The story of Rick Blaine, a cynical world-weary ex-patriate who runs a nightclub in Casablanca, Morocco during the early stages of WWII. Despite the pressure he constantly receives from the local authorities, Rick's cafe has become a kind of haven for refugees seeking to obtain illicit letters that will help them escape to America. But when Ilsa, a former lover of Rick's, and her husband, show up to his cafe one day, Rick faces a tough challenge which will bring up unforeseen complications, heartbreak and ultimately an excruciating decision to make.Written by
At a salary of $25,000 for five weeks' work, Conrad Veidt was the highest-paid actor on the set and on loan from MGM. His main competition for the Maj. Strasser role was Otto Preminger, under contract to 20th Century-Fox, for whom Darryl F. Zanuck had demanded the outrageous sum of $7,000 per week. See more »
As Ugarte is taken into custody, he asks if he can cash in his chips first. He carries them in each hand, and has a cigarette, smoked short, in one hand. With a camera change, he is seen with the chips, but now a longer cigarette is in his mouth. See more »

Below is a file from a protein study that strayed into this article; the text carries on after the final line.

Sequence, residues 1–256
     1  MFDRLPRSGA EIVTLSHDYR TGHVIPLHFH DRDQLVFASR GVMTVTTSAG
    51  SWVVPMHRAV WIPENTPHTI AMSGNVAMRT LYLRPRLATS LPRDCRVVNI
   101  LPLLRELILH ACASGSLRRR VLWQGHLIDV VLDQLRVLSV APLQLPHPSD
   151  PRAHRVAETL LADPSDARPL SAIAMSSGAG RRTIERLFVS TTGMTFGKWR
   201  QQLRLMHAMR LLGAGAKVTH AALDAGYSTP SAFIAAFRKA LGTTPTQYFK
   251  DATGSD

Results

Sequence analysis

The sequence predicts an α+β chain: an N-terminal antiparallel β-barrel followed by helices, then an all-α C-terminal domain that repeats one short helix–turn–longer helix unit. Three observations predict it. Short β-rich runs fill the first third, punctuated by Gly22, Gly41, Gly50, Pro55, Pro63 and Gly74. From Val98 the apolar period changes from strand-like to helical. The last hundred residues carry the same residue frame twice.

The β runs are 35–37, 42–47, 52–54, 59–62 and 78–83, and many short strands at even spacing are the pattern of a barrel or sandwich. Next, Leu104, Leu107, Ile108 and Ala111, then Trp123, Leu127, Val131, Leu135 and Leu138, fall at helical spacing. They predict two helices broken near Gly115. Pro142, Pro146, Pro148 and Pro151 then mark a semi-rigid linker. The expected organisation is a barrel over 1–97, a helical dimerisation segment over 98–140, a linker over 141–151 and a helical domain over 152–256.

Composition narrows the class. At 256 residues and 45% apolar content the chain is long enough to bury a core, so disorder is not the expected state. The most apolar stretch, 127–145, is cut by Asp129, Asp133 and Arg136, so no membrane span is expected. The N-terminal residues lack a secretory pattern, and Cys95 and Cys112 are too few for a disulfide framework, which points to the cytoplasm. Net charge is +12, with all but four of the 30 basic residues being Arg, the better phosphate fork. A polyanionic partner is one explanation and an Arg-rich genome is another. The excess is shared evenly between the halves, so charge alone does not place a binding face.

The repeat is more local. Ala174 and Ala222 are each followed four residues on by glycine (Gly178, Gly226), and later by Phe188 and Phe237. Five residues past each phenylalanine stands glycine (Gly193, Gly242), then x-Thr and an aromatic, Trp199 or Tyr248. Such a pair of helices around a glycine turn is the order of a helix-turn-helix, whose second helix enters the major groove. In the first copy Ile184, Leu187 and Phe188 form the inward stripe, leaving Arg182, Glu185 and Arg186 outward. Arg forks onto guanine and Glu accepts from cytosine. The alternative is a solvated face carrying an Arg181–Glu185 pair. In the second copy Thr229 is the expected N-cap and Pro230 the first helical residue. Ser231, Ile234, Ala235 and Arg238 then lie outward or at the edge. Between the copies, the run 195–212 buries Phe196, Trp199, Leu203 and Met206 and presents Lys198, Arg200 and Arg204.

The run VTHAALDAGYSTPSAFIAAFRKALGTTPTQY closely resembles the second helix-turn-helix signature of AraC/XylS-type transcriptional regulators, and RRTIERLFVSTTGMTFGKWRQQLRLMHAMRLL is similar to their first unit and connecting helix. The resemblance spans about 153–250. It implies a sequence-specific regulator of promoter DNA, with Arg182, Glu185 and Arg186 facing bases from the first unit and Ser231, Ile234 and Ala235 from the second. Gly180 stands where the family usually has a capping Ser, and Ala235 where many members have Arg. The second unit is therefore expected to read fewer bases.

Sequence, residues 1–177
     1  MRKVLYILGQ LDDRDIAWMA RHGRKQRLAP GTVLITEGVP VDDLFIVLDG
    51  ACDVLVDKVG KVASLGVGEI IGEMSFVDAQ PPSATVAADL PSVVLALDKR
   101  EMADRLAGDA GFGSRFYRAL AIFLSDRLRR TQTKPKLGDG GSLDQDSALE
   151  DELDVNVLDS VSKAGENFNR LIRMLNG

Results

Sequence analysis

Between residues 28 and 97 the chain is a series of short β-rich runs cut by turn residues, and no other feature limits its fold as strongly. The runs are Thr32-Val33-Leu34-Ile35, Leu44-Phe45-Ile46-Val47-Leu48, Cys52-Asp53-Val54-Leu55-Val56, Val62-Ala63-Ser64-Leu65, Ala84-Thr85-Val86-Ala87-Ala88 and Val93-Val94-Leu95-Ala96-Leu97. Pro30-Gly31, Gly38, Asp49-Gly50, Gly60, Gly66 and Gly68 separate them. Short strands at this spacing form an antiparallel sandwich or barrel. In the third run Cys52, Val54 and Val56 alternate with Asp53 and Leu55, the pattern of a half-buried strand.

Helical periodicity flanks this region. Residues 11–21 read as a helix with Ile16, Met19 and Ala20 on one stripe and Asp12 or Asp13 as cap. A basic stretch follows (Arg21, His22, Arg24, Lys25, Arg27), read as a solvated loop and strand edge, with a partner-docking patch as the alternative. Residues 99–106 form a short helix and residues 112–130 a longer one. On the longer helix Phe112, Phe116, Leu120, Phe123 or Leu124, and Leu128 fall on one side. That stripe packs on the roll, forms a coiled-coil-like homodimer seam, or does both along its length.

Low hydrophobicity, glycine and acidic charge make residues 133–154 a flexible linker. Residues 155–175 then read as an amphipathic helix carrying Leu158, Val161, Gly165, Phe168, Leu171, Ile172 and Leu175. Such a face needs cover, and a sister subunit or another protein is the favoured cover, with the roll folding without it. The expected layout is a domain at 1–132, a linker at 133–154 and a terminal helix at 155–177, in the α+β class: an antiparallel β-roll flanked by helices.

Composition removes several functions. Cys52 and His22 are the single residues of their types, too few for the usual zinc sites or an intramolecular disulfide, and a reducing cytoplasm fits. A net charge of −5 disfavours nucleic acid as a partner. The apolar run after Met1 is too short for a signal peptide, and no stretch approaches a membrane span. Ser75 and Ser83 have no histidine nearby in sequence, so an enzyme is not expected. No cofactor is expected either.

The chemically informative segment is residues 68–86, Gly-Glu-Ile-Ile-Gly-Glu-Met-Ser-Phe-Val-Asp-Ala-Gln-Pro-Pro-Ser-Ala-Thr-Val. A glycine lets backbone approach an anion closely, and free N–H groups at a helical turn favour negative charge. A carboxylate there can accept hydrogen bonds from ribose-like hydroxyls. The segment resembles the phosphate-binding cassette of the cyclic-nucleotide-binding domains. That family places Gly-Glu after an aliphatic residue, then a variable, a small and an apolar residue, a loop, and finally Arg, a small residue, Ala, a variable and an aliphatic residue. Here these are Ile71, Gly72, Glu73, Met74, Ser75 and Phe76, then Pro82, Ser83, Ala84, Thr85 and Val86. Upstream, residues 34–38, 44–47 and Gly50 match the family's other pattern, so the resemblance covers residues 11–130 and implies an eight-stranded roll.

With the coming of the Second World War, many eyes in imprisoned Europe turned hopefully, or desperately, toward the freedom of the Americas. Lisbon became the great embarkation point. But, not everybody could get to Lisbon directly, and so a tortuous, roundabout refugee trail sprang up - Paris to Marseilles... across the Mediterranean to Oran... then by train, or auto, or foot across the rim of Africa, to Casablanca in French Morocco. Here, the fortunate ones through money, or ...
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At the time of release, the film was banned in Germany because the story was considered to be anti-Nazi propaganda by the wartime censors. After the end of World War II, the picture was finally released in Germany but with around 20 minutes of footage cut (all scenes with Major Strasser and all references to Nazism). Other scenes were dubbed so that they had a totally different meaning (Victor Laszlo became Victor Larsen, an atomic physicist). In the 70s the film was redubbed by the ZDF, this time in its uncut form. See more »
Simple story in a Complex setting done beautifully!!!
I say a 'simple' story because I am writing this piece after almost 77 years of the film's release, but in 1942, this story would have been quite original and new. The film naturally and flawlessly integrates a moving love story with the War backdrop. Bogart and Bergman make you feel the love through their expressions and emotions. Top-notch acting by the entire cast makes Casablanca one of the masterpieces of the 20th century. The film is crisp and fast and manages to keep you hooked throughout with its thriller element. With so many stories going on, you will be hooked to the screen.
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